Tag Archives: creativity

Trauma as an Opening

By Shae Hadden

A friend shared corporate poet David Whyte’s recent article "A Fire Inside: Thoughts on the Creativity of Winter" with me. David uses a brilliant metaphor to explore the trauma of loss prevalent in the global economic crisis. He speaks of a a fire burning inside a home on a winter’s day as being like an "internal, alchemical, almost catalytic core of identity-making and decision-making….the

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Simplifying Uncertainty

By Shae Hadden | Bio

Spring flowers bloom passionately on this sunny West Coast day, birds are preparing nests for their young and people run madly by me as I sit by the ocean and ponder what it takes to survive in these times. My search for a place to live has not yet been entirely successful, and the conversations I’ve had reveal both desperation and gnawing hesitation in myself and others to actually put a stake in the ground—metaphorically speaking—and declare that this is the future we are committing to. It’s almost as if, with so much uncertainty about so many things in our lives, we are afraid to take a chance—whether on an investment, a potential tenant, a business expense or a relationship.

What do we lose when we put aside possibility and focus on surviving?

I think that we lose touch with our courage and creativity. When things look difficult, change is tumultuous and our internal sense of balance is thrown off kilter, we often forget there is a silver lining to the economic doom and gloom. We now have an opportunity to return to the heart of things, to simplify our lives, to free ourselves from practices that might have had us living beyond our means.


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Caught Napping

By Shae Hadden | Bio

It’s Thanksgiving in Canada, and I’ve just enjoyed a full weekend of personal and work commitments. But the highlight of the weekend was a chance to reconnect with the power of the ‘nap’. 

Research in the past few years has found that the human body requires as much sleep as the brain will allow it and that the brain needs a rest every now and then. So taking that mid-afternoon 20-minute snooze really can give one a burst of ideas and energy. And,

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Older IS Wiser

The idea that our brains decline as we age is in itself in decline. Studies reported in a new edition of the neurology book Progress in Brain Research suggest that for most of us as we age, our attention widens in focus. This, combined with the fact that we have more information to remember, makes it more difficult to recall small bits of information like a phone number or name. Yet it is this very accumulation of information that helps us become "wiser" as we age: by transferring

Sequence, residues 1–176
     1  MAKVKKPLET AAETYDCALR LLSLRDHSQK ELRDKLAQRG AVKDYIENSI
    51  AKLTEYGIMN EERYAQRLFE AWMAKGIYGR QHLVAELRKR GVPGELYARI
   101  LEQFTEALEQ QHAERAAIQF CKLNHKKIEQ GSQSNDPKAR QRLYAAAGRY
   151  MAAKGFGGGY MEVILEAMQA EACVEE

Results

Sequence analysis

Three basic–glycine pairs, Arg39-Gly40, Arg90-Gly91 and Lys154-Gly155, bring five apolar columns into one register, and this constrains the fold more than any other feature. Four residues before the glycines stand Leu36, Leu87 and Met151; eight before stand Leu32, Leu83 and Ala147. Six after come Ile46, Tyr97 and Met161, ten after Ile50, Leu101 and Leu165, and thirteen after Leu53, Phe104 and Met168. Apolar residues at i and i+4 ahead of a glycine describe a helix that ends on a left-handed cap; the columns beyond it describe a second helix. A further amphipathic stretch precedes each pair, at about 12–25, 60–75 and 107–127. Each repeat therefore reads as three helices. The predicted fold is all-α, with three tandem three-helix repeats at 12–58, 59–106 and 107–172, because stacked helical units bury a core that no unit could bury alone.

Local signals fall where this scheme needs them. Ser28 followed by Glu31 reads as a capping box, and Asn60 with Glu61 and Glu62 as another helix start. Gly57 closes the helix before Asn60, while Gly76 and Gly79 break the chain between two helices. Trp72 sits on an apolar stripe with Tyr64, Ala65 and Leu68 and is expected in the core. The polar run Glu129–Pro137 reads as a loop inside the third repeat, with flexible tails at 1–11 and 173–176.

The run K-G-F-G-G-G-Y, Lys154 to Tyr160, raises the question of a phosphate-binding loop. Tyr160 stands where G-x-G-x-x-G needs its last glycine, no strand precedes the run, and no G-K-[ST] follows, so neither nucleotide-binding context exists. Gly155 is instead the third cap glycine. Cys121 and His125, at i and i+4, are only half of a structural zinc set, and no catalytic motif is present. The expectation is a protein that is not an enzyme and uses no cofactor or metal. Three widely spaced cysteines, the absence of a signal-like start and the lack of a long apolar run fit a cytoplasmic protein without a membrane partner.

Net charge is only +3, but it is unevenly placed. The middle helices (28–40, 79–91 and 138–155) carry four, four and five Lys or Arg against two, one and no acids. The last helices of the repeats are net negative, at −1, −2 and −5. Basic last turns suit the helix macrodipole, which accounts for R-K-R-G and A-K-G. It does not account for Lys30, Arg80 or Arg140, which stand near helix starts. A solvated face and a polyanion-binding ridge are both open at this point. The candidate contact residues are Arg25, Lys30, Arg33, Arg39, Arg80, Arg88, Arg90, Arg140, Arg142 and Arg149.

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Creative Lives

By Rick Fullerton | Bio

am waiting for our third grandchild to be born. In fact, everyone in
our family and circle of friends is primed for the big event—but none
more so than the mother and father to be. Their lives are about to be
totally transformed when their love, commitment and belief in the
future is expressed in the arrival of ‘baby’. 

Birth, for most
people, is the ultimate miracle of life. So it is natural that birth is
celebrated universally as an act of creation.

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Creativity II

Read Creativity I.

Now it’s easy to hear this conversation about ‘standing in possibilities’ of what the future might be as some sort of optimism versus pessimism discussion—the “Just be happy” versus “There’s no hope” maxims. I am not suggesting this at all. Optimism and pessimism are grounded in positive or negative predictions of the future. Changing how we observe is not a function of prediction: it is a function of commitment.

I predict that the future is likely

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The Art of Conversation

I was watching the CBS show “Sunday Morning” on the weekend and it had a segment on the dying art of conversation. The point was that with all our technology and almost real-time connections available with email, handhelds and social networking sites, people seem to have lost the ability to have conversations. It was a thought-provoking and, I think, mostly true observation about what is happening to us. The show also showcased a new book by Stephen Miller called

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